Radical Stability Trends, BDEs, & Initiation


Uploaded by lamechivanes on 28.12.2010

Transcript:
Radicals in general are highly unstable intermediates.
However, there are two reliable trends
in carbon radical stability
that are analogous to trends in cation stability
that we can take note of.
First of all,
increased substitution around the radical center
increases the stability and lowers the energy
of the radical.
Because more substituted radicals are more stable
than less substituted ones,
they are more likely to be formed as intermediates
in radical reactions.
In a later webcast,
we'll see how this stability trend can be exploited
to selectively add HBr across an alkene
in an anti-Markovnikov fashion
opposite the trend for HBr addition involving cations.
The second trend involves electron delocalization.
More delocalized or resonance-stabilized radicals
are more stable than radicals not involved in resonance.
Delocalization lowers the energy of filled molecular orbitals,
lowering the energy of the radical overall
and increasing its stability.
In addition, an important point to note here
is that resonance imparts radical character
to multiple atoms in the structure
which may lead to product mixtures.
Until this point,
we've talked only about carbon-centered radicals,
and you may be wondering about trends in radical stability
as a function of atom type.
When considering radicals
centered on different atoms, however,
it becomes critical to examine the origin of each radical.
In other words,
we have to look at the stability of the bonds that broke
to form the radicals.
Bond dissociation energies, or BDEs,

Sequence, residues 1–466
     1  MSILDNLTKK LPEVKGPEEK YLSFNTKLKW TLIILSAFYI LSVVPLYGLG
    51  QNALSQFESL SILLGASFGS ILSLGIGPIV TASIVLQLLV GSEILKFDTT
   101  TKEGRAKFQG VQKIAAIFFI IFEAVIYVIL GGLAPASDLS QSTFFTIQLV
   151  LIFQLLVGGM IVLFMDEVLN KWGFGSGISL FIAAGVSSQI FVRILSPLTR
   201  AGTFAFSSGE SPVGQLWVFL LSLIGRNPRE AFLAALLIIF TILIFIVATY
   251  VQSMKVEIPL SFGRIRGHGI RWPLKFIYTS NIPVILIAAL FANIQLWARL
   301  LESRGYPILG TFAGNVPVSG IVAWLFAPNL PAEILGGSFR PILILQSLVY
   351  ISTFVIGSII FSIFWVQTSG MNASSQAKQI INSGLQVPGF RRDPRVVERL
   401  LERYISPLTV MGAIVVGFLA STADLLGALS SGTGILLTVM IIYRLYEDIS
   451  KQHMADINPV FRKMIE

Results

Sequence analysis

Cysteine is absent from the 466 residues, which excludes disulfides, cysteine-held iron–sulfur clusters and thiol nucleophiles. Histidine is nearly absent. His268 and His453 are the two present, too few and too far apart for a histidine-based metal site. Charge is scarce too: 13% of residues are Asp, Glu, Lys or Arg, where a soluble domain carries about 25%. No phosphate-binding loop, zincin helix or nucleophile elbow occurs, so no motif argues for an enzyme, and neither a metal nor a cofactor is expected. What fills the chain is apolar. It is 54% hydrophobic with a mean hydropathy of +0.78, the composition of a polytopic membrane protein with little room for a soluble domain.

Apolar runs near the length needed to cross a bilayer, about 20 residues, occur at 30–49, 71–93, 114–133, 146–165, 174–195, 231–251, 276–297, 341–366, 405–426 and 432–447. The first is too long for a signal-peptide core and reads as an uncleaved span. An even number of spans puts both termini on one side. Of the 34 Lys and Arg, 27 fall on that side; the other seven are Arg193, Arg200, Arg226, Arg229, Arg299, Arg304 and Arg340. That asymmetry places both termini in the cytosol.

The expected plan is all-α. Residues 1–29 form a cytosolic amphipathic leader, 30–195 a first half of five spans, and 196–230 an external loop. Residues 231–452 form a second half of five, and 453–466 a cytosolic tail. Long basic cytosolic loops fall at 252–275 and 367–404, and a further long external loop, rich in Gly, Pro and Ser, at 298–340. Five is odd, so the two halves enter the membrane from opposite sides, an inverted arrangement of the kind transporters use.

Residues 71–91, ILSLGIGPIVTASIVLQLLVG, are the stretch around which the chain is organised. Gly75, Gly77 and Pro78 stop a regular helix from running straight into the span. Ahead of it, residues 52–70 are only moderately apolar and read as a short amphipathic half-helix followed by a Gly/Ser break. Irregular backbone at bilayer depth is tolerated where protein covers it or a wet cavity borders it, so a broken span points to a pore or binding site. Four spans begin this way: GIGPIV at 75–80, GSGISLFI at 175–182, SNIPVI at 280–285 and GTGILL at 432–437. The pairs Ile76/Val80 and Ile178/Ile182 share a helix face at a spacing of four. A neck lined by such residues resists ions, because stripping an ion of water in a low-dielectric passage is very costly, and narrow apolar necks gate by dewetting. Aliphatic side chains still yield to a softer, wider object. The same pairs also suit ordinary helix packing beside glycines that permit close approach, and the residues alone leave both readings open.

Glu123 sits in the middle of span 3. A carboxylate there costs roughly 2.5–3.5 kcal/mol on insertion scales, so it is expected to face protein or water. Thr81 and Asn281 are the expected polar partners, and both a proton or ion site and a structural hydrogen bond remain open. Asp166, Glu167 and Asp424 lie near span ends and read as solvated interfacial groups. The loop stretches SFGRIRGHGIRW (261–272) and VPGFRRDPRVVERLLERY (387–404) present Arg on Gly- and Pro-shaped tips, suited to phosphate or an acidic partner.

provide a direct measure of the likelihood
that a two-electron bond will break to form two radicals,
a process known as homolytic cleavage.
A lower bond dissociation energy
indicates more favorable homolytic cleavage,
and, in general, larger, more diffuse atoms
exhibit lower BDEs than the smaller, second row atoms.
Thus, larger atoms such as the halogens and silicon
generate radicals more easily than the second row atoms.
If you take a look at the table shown here,
you'll notice that many of the bonds
that have been used to generate radicals historically,
such as Br-Br and I-I,
have notably low bond dissociation energies.
The first step of any radical reaction
is the generation of a small amount of radical
from an even-electron species, called a radical initiator,
by a homolytic cleavage of some kind.
Let's look now at a few examples of initiators
that are commonly used to start off radical reactions.
Peroxides contain the labile O-O bond
which can break homolytically
to give two alkoxy radicals.
The alkoxy radical is able to abstract hydrogen
from organic substrates, generating organic radicals
that then participate in radical reactions.
The lengthily named azobisisobutyronitrile, or AIBN
is an interesting substrate
in which two bonds break homolytically.
The C-N bonds on the left and on the right of the azo group,
which is the N-N double bond,
both break to yield a molecule of nitrogen gas,
which is lost,
and two radicals in which the radical is adjacent
to a cyano group that stabilizes it by resonance.
The kinetic loss of nitrogen gas
drives this reaction nearly to completion.
You should also note that in this drawing,
I've omitted two arrows
-- those arrows going back to the carbons
on which the radicals reside.
You'll sometimes see these arrows omitted
because they're implied
by the red arrows that I've drawn here.
Finally, the elemental halogens, such as Br2 and I2,
are commonly used to initiate radical reactions.
Under the influence of light or heat,
the Br-Br bond can break homolytically
to reveal two molecules of bromine radical
which, like the alkoxy radicals generated by peroxides,
are able to abstract hydrogen from organic substrates
to initiate radical reactions.
One important point to keep in mind for all of these
is that generating the radical
is an endothermic process in all cases.
And so an energetic input of light or heat
is necessary in order to initiate the reaction
of the initiator.
In the next webcast,
we'll take a detailed look at radical chain reactions
from initiation all the way to propagation
and product formation.
It all begins with small amounts of a radical initiator
which goes on to react with one of the substrates
to kick off the radical chain reaction.